Michael Davis from Macquarie Telecom Group has published a rather interesting blog post about the shift from MPLS to SD-WAN, focusing on the core areas of SD-WAN, including multiple links, application management, business-ready solutions, and security.
As the shift from MPLS to SD-WAN has been underway, there are certain elements of the SD-WAN that need to be considered and while it might work for some companies, there are certain complications as well as certain aspects that might not work for some companies. In any case, SD-WAN can be considered as a smarter way to build and run a network, ending with a network that is quick to deploy, simple to manage and deliver unparalleled visibility.
According to the blog post published by Michael Davies, Director Sales and Emerging Technology at Macquarie Telecom Group, there are four core areas that organizations need to be focused when weighing up whether SD-WAN is an option, including multiple links, application management, business-ready solutions, and security.
One of the key benefits of SD-WAN is certainly the Multi-Path technology which uses two or more standard links and combines them into one data pipe, providing both network stability and resilience as well as redundancy when one link is down, and lowered costs, especially with regional and international sites.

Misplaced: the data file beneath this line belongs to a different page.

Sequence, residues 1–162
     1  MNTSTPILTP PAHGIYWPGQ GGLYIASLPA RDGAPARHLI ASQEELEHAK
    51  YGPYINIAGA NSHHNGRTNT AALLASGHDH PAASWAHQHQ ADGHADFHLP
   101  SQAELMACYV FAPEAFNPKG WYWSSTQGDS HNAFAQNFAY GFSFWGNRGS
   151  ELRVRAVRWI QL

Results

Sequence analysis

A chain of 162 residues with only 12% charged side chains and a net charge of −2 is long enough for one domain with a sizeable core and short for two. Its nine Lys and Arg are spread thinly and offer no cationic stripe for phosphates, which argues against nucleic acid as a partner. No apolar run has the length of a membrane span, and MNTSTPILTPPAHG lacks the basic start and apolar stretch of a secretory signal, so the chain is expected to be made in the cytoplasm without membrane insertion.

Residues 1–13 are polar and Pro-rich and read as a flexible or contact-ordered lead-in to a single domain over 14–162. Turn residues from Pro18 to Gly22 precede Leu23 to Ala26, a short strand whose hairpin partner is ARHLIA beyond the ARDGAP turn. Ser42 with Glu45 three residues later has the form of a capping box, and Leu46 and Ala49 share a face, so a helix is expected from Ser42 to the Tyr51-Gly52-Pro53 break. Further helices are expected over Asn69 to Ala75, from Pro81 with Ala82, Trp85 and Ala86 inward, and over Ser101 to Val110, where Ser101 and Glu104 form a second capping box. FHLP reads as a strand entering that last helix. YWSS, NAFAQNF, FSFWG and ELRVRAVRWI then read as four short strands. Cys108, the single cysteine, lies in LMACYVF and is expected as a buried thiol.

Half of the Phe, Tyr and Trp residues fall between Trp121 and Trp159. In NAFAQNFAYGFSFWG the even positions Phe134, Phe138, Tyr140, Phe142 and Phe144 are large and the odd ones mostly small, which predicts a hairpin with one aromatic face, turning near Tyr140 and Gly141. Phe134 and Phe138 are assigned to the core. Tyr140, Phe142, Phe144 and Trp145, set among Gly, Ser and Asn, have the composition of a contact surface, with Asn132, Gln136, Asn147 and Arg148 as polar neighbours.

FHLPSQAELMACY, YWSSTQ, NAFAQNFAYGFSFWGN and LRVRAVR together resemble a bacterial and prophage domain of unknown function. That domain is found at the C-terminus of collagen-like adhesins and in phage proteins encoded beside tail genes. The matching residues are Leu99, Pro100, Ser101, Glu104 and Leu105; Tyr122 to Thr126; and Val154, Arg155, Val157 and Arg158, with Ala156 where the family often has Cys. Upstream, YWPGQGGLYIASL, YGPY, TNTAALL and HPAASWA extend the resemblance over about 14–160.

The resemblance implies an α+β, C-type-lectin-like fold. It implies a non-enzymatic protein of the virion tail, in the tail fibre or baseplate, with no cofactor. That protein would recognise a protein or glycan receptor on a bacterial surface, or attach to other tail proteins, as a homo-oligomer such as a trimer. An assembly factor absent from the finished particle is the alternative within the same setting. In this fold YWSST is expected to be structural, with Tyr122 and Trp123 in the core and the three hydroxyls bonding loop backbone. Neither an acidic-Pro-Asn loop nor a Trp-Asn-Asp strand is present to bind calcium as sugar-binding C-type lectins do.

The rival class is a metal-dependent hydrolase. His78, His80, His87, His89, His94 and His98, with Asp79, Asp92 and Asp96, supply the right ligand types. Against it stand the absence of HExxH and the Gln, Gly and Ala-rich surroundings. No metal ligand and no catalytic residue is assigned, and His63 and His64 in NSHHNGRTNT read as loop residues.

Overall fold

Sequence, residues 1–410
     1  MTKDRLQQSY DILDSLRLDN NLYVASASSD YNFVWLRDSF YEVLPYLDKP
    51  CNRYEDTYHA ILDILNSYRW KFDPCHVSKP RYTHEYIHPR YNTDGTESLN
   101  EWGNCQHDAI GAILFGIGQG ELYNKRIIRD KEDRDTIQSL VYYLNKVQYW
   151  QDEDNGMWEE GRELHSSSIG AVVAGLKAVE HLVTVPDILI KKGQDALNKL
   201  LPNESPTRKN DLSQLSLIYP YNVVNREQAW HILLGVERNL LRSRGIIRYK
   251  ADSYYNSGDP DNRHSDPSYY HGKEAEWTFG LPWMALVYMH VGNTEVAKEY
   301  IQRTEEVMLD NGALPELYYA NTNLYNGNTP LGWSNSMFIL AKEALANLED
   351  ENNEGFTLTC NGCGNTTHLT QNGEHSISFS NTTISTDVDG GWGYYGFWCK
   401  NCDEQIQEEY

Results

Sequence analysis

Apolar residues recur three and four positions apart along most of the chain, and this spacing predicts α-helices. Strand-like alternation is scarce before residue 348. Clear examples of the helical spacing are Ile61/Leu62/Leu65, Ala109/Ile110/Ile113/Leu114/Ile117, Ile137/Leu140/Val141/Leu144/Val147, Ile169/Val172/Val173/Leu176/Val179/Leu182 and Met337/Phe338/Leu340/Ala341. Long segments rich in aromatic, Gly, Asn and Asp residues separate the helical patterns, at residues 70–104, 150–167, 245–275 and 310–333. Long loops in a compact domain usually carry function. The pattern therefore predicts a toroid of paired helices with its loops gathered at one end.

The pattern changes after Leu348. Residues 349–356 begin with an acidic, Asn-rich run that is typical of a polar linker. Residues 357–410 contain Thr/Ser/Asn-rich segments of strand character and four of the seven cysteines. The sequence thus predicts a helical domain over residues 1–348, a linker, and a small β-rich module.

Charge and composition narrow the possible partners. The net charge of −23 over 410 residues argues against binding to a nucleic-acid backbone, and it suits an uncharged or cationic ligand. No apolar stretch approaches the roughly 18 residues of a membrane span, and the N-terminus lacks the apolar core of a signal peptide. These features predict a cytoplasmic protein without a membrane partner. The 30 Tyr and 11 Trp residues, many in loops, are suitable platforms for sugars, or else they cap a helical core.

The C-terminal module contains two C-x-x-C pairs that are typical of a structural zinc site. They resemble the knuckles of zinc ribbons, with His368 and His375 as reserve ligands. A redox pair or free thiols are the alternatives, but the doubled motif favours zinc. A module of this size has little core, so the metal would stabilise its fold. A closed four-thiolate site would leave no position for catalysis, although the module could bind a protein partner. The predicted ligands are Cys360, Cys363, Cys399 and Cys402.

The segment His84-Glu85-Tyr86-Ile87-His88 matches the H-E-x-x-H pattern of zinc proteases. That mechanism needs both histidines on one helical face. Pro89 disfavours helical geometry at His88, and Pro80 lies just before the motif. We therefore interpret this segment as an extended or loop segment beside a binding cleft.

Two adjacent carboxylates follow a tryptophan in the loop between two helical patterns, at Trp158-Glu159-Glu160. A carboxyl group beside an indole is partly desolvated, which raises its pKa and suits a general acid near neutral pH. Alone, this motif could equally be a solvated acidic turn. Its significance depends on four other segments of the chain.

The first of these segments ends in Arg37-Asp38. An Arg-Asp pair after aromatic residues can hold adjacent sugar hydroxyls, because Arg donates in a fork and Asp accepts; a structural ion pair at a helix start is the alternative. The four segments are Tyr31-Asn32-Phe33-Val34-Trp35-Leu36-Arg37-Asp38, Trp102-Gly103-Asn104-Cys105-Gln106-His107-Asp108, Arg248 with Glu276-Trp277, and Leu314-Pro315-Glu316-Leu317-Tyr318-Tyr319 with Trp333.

The link steering is similar to multi-path technology although it is focused on applications. The path selection is a step above link steering where it determines which is the best link for an application when a session is triggered. There is also packet steering, which is the ultimate in dynamic flexibility Dynamic Multi-Path Optimisation steers packets to the optimal link based on performance metrics, application requirements and priority, and link cost. There is also a question of application management versus QoS, which also need to be considered when switching to SD-WAN.
The so-called business ready solutions as there are a lot of SD-WAN suppliers to choose from and offering different options. Some things that need to be considered is own or shared gateways, redundancy, and if the provider uses both hybrid (MPLS and SD-WAN) and native SD-WAN networks.
The security is probably one of the biggest aspects of considering SD-WAN, and while some say that it is not as safe as a traditional network, it all depends on how the vendor manage security. The best option is obvious a layer 2 security with centralized firewalls but it all comes down to the needs of a certain company.